Book Review by Dave Lyle

Updated: Mar 1, 2019

Lt. Col. Dave Lyle, USAF in SSQ: Strategic Studies Quarterly, 26 December 2018,

The supreme challenge of any multidisciplinary endeavor is to find essential linkages between the most significant of many diverse elements and processes and to form a theoretical framework to make sense of them as the conceptual and theoretical foundation of useful action. When your topic is grand strategy—an area of interest that could conceivably require some knowledge of every other academic discipline—the task wielding Occam’s Razor (“Entia non sunt multiplicanda praeternecessitate,” which roughly translates to “things should not be multiplied beyond what is necessary”, often shortened to “Keep things as simple as possible, but no simpler”) is undeniably difficult, and very possibly an exercise in hubris and self-delusion. However, if such a condensation must be done on behalf of deliberate grand strategy, what would an adequate theoretical framework look like? This is precisely the task pursued by Dr. Peter Layton, a visiting fellow at Griffith University's Asia Institute in Australia, in his new, very simply titled, and independently published book Grand Strategy.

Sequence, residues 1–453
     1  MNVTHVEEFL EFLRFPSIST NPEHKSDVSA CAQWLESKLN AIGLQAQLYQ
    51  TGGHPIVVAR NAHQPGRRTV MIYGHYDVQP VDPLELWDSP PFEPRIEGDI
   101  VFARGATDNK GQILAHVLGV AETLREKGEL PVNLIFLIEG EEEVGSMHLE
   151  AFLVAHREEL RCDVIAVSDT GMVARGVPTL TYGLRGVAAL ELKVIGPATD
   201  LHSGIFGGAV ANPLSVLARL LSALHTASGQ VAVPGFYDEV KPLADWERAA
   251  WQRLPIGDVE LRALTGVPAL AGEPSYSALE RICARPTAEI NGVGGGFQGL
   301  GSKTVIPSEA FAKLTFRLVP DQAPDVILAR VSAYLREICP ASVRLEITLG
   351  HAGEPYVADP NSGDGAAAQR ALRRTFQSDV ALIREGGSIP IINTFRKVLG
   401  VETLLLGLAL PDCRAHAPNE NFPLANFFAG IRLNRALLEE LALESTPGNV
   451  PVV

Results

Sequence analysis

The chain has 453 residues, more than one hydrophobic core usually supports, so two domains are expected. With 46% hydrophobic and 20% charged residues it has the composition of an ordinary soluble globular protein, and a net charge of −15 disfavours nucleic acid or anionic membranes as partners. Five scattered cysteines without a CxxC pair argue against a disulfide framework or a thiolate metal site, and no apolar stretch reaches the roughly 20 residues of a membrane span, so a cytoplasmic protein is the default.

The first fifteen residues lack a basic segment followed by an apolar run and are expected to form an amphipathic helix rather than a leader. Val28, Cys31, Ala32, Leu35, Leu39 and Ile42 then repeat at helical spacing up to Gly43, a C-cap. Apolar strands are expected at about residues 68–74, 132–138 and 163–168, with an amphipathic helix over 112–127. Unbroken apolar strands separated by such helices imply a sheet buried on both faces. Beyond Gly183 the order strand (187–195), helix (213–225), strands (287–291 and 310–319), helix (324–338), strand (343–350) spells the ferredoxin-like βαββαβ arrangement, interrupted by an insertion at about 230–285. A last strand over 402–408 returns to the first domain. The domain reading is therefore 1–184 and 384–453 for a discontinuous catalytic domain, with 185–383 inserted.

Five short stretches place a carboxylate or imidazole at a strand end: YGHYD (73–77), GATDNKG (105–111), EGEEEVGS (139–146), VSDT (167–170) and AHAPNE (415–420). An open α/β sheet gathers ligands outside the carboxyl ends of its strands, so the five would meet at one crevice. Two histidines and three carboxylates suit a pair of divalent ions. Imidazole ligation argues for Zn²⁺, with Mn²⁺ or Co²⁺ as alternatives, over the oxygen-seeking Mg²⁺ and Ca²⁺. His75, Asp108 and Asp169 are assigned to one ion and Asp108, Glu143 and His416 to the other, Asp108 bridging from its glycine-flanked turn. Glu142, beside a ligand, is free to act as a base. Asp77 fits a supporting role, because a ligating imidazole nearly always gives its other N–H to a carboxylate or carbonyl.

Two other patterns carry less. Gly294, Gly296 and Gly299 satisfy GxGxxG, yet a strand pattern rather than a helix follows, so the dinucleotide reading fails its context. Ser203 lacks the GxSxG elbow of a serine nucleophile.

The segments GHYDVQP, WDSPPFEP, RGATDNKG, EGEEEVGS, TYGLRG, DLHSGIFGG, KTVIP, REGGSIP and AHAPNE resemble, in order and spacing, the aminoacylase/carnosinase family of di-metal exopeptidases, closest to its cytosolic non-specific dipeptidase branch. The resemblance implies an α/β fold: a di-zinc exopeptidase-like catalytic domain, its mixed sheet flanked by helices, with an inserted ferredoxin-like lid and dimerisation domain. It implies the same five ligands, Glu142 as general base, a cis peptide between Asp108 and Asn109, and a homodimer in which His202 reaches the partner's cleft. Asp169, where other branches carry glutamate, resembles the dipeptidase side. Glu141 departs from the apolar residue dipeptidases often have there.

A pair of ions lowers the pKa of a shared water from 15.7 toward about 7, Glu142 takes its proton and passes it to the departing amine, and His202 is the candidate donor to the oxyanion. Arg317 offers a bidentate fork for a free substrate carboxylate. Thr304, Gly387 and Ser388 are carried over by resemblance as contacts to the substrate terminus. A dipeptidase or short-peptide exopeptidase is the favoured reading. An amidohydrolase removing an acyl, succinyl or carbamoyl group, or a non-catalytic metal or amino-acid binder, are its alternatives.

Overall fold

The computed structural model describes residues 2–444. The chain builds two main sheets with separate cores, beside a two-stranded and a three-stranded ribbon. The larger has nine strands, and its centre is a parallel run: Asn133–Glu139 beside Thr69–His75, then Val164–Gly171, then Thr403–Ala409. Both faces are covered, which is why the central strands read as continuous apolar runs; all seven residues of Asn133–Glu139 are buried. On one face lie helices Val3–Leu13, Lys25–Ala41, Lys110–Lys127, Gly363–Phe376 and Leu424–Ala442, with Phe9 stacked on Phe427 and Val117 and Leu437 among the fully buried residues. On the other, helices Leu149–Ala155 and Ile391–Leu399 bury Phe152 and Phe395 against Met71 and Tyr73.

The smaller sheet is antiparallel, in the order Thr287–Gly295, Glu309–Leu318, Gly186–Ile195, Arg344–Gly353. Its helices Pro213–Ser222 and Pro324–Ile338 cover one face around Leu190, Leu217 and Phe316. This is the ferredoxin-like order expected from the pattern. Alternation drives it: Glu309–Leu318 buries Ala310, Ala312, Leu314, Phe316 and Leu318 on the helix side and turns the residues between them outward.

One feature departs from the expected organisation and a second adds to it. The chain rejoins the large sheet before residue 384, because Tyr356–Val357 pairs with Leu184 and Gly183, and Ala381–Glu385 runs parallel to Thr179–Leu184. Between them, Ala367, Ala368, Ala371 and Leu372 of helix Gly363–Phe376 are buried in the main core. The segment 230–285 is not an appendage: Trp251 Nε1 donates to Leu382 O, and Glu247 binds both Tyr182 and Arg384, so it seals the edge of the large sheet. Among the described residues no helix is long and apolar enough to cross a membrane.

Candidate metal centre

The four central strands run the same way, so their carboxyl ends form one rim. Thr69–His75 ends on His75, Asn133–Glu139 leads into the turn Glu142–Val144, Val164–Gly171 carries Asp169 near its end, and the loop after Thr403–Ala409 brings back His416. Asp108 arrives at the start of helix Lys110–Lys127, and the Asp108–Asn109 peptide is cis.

Somewhere between security studies and strategic studies lies the realm of grand strategy, a field of study whose very existence many credible commentators have questioned in the years since it was first described by theorists and academics like Sir Basil H. Liddell Hart, Alfred Thayer Mahan, Edward Meade Earle, and Sir Michael Howard. As described by Williamson Murray in The Shaping of Grand Strategy: Policy, Diplomacy, and War, “Grand strategy lies at the nexus of politics and military strategy and thus contains important elements of both…the best analogy for understanding grand strategy is that of how French peasant soup is made – a mixture of items thrown into a pot for a week and then eaten, for which no recipe can possibly exist” (p. 8-9). Despite this—or perhaps more accurately, because of this—grand strategy has emerged as a valued conceptual construct. It is the subject of dedicated courses of study in both military and civilian colleges. Dr. Peter Layton’s original contribution joins a field of contemporary literature previously staked out by notable authors such as Paul Kennedy, Williamson Murray, Edward Luttwak, Jon Sumida, Hal Brands, William C. Martel, and John L. Gaddis. It also exists within a field of literature best bounded by Lukas Milevski’s The Evolution of Modern Grand Strategic Thought (2016).